In the face of these complexities, a clear-cut argument perhaps might be that a substantial quantity of the energy sector’s emissions significantly contributed to atmospheric depletion and resultant hot temperatures. Drawing from contemporary jurisprudence, a cardinal principle that could be invoked to advance CCL is the age-old notion of public trust [54]. As a custodian of natural resources, the state must utilize resources in a manner that is reasonable and promotes the welfare of its general population. This concept was the crux of an argument made by some young people who claim that the failure of the government to adopt and operationalize climate recovery policy constitutes a breach of its responsibility to safeguard vital resources and their rights to the property [54].

Also, the public nuisance claim provides an important entry point for holding the state accountable [55]. The principle implies that the state is complicit in an obstructive act that interferes with the rights of the general public. A similar assertion was articulated in Leghari v Pakistan, where a local farmer filed a petition alleging that the government’s insufficient climate action violated basic rights [55]. In upholding the claim, judge Ali Shah noted that indeed rising GHGs symbolized present-day threat to mankind, and the state must take urgent measures to fast-track the operationalization of its national climate policy. To that end, the energy sector’s emissions qualify as a public nuisance as it impinges on a sizeable number of the population. This is particularly the case as access to water and good health are entrenched rights that the state ought to safeguard, rather than interfere with their enjoyments.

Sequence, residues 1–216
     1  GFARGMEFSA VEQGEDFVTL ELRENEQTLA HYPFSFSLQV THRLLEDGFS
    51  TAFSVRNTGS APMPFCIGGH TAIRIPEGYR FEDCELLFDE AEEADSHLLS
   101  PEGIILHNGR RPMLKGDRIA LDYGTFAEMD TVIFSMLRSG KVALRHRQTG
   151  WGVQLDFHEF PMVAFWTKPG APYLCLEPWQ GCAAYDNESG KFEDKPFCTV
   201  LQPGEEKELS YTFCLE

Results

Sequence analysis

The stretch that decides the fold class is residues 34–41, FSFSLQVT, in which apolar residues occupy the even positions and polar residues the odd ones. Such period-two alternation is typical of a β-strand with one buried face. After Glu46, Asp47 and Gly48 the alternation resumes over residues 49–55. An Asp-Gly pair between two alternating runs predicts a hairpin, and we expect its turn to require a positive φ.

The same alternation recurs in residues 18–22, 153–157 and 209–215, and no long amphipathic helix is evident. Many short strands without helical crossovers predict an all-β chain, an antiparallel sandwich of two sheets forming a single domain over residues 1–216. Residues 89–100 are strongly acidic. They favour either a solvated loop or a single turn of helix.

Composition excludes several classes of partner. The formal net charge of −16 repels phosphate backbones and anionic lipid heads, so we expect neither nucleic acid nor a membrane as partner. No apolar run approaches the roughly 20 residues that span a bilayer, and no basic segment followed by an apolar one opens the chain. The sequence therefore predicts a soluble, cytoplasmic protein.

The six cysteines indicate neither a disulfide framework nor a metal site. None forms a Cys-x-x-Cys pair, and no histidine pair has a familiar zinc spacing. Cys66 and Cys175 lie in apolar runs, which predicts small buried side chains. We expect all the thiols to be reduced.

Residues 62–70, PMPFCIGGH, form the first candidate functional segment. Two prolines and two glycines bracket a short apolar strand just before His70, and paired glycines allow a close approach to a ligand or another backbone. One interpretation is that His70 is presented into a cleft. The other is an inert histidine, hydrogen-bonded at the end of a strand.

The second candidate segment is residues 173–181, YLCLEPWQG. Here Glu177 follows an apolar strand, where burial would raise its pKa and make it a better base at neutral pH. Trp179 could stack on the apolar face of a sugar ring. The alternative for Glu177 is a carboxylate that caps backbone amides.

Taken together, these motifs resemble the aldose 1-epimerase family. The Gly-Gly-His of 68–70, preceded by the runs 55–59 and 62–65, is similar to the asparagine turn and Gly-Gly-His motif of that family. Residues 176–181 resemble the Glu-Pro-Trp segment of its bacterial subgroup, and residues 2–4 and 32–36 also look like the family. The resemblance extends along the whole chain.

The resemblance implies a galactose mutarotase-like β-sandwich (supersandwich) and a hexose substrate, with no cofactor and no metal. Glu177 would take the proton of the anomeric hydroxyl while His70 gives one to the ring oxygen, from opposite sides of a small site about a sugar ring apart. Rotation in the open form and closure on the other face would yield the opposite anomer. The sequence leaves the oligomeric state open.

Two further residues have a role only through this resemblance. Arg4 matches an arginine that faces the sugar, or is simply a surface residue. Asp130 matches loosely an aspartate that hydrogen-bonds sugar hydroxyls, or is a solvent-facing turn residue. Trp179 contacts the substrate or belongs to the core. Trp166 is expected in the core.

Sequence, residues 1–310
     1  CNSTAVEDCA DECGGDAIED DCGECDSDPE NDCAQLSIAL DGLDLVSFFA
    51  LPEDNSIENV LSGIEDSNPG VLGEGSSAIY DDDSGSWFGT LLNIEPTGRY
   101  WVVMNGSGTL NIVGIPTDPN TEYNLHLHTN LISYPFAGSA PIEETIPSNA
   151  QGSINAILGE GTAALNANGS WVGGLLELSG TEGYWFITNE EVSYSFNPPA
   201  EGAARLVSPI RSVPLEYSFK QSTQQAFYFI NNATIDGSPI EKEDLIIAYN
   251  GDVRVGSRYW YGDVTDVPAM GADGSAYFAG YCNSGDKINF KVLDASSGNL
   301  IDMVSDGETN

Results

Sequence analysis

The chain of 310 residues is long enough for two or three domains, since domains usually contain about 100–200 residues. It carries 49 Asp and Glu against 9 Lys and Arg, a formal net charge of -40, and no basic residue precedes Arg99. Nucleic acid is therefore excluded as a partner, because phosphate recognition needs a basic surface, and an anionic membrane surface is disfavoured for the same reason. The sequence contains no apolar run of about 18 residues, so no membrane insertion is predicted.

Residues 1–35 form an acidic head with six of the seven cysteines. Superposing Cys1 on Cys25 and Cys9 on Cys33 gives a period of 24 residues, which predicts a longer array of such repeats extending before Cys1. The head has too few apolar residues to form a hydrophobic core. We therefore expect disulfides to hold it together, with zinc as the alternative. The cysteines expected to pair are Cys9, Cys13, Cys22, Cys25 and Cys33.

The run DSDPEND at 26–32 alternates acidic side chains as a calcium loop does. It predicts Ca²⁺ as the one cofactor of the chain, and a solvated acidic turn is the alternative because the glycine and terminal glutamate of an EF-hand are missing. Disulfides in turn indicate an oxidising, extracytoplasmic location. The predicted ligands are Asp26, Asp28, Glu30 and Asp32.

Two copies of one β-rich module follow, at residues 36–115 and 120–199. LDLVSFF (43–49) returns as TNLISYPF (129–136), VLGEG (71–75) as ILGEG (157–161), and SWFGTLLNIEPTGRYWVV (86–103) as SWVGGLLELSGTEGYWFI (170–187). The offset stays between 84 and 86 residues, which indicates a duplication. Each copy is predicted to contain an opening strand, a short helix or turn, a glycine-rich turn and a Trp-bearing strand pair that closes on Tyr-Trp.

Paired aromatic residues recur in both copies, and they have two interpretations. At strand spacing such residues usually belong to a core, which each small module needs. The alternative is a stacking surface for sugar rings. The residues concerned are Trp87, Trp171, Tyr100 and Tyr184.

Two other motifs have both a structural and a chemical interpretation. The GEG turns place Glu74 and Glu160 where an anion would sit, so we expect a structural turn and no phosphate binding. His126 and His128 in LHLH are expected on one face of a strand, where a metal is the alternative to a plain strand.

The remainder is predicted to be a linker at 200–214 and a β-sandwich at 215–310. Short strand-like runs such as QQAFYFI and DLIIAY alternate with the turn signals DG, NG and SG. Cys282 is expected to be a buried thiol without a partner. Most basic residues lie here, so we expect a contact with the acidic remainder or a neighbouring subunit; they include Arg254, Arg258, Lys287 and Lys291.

The next important element to consider is the procedural and substantive nature of potential climate litigation. At the onset, an important question that stares us in the face is whether local youth have a locus standi to file a climate suit. One of the principles embedded in section 34 of the Constitution is that victims of abuse have the right to approach a competent court to have their abuse halted or averted. The provision specifically avers that ‘[e]veryone has the right to have any dispute that can be resolved by the application of law decided in a fair public hearing before a court or, where appropriate, another independent and impartial tribunal or forum.’ To Ngcukaitobi, such an aggrieved person ought to illustrate that: (i) s/he has suffered an injury; (ii) there is an identifiable perpetrator; and (iii) a court decision could remedy the injustice [56]. Indeed, South Africa’s continuous reliance on coal constitutes a prima facie breach of sections 7 and 24 of the Constitution. The constitutional violation in itself constitutes a clear locus standi for young people to file similar petitions. The drought, ongoing heatwaves, and water scarcity provide sufficient grounds for young people in satisfying the three thresholds.